[Crossposted at My Two Cents]
(Note: I haven't been able to post for this month's theme or for the Kids' Food Festival. Things are sorta crazy at my end, so please bear with me. I read all the posts, but don't get to comment on all of them for the same reason.)
Some time back I wrote a post on how parents sometimes push their kids unnecessarily to achieve academic excellence. In that post, I also mentioned KUMON - a chain of individually owned math and reading learning centers. One reader left a link in the comment section for an article that discusses a few drawbacks of the KUMON way of teaching math. I read that whole article twice - I swear! I agree with parts of it and there are parts (regarding trigonometry and calculus etc.) that we haven't gone through yet so those don't apply to us. Yet. I highly recommend that you read this article if you are thinking about signing up your kid(s) at KUMON. I am not going to discuss the article here. I am merely writing what works for us in the KUMON method. I am not saying it will, or should, work for other parents too. Every kid is different and what works for S might not work even for M, a few years from now. So, please take everything I am going to write with a grain of salt. Research the options out for yourself and then decide.
S started KUMON math program in August 2003, just before she started Kindergarten. I came to know about it through a friend who sent her son to a center for a brief time. S was a quiet kid from the beginning and we thought being good at something, like math, will give her self-esteem a boost. In the long term, we HAVE been proven correct. Also, I had heard that due to various factors, girls here lose interest in math and sience by the time they get to middle school. I was determined to prevent that from happening to my daughter. I wasn't going to let math become a "monster" to be afraid of. So, this is why our KUMON journey started.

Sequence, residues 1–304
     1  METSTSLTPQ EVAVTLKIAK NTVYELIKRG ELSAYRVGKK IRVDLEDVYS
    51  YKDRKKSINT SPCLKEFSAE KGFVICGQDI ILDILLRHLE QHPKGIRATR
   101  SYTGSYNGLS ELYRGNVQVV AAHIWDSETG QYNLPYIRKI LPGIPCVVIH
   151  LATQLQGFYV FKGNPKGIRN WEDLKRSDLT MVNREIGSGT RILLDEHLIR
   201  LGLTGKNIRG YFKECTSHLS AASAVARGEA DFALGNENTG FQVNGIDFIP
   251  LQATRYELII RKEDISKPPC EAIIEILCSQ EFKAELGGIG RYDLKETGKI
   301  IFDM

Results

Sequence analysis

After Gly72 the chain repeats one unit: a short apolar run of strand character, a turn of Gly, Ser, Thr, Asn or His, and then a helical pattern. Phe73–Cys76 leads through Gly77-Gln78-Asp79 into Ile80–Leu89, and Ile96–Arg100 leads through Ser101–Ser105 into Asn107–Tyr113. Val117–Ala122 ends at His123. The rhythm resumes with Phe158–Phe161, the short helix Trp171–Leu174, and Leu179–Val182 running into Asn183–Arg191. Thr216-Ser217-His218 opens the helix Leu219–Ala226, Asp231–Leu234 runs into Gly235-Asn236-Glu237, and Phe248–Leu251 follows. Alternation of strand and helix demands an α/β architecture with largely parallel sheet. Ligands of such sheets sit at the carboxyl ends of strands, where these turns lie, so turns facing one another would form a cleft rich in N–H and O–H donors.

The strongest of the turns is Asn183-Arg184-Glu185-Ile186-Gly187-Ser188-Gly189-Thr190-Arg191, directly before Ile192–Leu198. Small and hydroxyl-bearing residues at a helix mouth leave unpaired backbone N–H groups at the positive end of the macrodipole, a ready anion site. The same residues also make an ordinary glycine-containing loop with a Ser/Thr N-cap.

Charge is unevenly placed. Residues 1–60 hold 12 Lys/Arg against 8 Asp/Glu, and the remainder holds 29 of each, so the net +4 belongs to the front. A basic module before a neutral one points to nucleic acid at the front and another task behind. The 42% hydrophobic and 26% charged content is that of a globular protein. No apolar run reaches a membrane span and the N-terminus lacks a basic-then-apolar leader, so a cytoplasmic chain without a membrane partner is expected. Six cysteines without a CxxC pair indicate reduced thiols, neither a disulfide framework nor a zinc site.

Soon after she started, S began struggling with the homeworks. She would do all correctly, but would take 45 minutes or more to complete each homework. We began worrying if we pushed her in it too early because there is no way 45 minutes of homework is going to be good for a 5 year old. Thankfully, the owner of the franchise that S attended agreed with us. She said it should only take a child 5-7 minutes per homework, and no more than 10-12 minutes even if they take too long. So she reduced the number of pages that S was getting per homework. Once the load decreased, S also began taking more interest in doing her homework again. So, it has been this way ever since - we reduce the number of pages in her homework if she starts taking too long to finish and slowly increase it again once she finds a balance.